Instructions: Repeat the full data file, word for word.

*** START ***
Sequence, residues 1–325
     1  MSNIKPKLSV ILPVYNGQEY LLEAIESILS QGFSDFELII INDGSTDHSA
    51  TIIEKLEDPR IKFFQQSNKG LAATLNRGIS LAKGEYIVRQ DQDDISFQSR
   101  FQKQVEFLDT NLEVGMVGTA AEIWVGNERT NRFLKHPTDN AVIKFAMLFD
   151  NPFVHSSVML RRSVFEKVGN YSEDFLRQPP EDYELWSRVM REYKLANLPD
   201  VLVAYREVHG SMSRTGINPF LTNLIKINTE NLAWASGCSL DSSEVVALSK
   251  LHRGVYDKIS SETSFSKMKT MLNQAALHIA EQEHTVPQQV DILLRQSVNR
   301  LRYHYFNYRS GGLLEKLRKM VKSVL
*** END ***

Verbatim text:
Sequence, residues 1–325
     1  MSNIKPKLSV ILPVYNGQEY LLEAIESILS QGFSDFELII INDGSTDHSA
    51  TIIEKLEDPR IKFFQQSNKG LAATLNRGIS LAKGEYIVRQ DQDDISFQSR
   101  FQKQVEFLDT NLEVGMVGTA AEIWVGNERT NRFLKHPTDN AVIKFAMLFD
   151  NPFVHSSVML RRSVFEKVGN YSEDFLRQPP EDYELWSRVM REYKLANLPD
   201  VLVAYREVHG SMSRTGINPF LTNLIKINTE NLAWASGCSL DSSEVVALSK
   251  LHRGVYDKIS SETSFSKMKT MLNQAALHIA EQEHTVPQQV DILLRQSVNR
   301  LRYHYFNYRS GGLLEKLRKM VKSVL